However, some reports indicate lithium mining is less contaminating than the mining of many other minerals.


Less than 5 percent of lithium ion batteries today are recycled, according to LG Chem.

While the batteries in old smart phones and laptops are easier to recycle in the U.S. than electric car batteries, most of the batteries are tossed in a landfill or left in a household drawer never to see new life in a new device, said Jeff Spangenberger, director of the ReCell Center.

ReCell is the U.S. Department of Energy’s $15 million lithium-ion battery recycling center at Argonne National Laboratory in Illinois. The center is focused on perfecting the methods for recycling the components of the the batteries so it will be more profitable to run recycling centers in the U.S., he said.

That won’t be a problem with the much larger car batteries — they will be much more likely to end up in a facility, Spangenberger said.

But, lithium-ion electric vehicle batteries didn’t start showing up in America until about 2011, and because the batteries usually have a warranty of about eight years, there hasn’t been a huge demand for the specialized recycling processes required to reclaim lithium and cobalt, Spangenberger said.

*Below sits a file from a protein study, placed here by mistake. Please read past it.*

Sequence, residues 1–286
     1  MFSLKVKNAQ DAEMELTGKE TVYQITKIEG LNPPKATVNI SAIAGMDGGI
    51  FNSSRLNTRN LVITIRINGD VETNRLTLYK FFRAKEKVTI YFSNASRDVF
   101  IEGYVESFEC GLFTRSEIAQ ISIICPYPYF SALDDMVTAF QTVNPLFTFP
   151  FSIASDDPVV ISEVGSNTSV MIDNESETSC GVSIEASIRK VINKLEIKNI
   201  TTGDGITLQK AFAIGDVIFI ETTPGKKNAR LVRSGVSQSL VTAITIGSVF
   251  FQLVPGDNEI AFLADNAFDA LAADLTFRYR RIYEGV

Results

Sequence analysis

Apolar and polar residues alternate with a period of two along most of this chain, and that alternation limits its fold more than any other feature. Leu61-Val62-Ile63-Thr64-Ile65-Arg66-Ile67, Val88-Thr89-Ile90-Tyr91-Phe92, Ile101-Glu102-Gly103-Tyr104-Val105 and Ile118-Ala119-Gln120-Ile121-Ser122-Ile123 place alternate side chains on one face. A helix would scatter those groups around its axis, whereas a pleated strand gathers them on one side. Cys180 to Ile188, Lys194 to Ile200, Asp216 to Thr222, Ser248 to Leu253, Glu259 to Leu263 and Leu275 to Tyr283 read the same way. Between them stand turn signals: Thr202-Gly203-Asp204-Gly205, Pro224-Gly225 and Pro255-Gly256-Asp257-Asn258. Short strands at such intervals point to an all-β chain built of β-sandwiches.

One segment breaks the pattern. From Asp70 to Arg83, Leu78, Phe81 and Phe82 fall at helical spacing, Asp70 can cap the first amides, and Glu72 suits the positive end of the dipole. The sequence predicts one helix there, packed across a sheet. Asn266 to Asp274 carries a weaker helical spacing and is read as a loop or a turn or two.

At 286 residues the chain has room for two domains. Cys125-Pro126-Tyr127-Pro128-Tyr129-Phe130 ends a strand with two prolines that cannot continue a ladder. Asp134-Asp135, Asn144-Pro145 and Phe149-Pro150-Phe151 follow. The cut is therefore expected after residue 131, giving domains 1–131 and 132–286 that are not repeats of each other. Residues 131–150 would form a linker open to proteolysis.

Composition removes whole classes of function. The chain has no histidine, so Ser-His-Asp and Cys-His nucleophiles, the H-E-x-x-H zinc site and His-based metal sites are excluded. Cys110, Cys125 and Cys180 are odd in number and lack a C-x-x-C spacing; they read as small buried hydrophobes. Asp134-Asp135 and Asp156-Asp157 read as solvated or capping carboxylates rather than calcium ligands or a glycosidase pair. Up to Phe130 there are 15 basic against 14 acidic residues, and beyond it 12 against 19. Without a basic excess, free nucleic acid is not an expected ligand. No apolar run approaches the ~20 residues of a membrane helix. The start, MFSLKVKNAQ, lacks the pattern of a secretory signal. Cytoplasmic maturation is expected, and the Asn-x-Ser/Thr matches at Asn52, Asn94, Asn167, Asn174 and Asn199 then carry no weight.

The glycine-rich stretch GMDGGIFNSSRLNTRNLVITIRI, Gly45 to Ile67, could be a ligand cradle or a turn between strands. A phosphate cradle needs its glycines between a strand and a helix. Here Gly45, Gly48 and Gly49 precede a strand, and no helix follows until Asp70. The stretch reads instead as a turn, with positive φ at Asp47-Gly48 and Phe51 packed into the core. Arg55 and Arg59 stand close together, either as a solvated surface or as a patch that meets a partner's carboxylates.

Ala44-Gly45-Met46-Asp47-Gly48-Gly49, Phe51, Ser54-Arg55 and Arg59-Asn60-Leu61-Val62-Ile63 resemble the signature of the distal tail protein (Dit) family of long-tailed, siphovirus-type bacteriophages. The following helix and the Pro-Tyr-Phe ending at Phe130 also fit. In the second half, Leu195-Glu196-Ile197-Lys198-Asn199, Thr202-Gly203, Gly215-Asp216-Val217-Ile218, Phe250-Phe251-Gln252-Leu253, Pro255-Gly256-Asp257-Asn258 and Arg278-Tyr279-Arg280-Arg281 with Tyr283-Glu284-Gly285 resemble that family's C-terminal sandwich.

Now that some of the first batteries out there are expected to encounter end-of-life failures, the need for recycling is expected to “grow really fast” and the question is if the infrastructure can keep up, Spangenberger said.

The only U.S. facility Spangenberger knows of capable of handling the extraction of the components from the EV batteries is in Ohio, he said. Retriev Technologies is based in Lancaster with locations and affiliates in other parts of the country and in Canada.

“The rest of the recyclers are in other countries. We are trailing other countries in infrastructure when it comes to batteries. But that is changing. People are seeing the opportunity so they are putting together plans to set up recycling facilities,” Spangenberger said.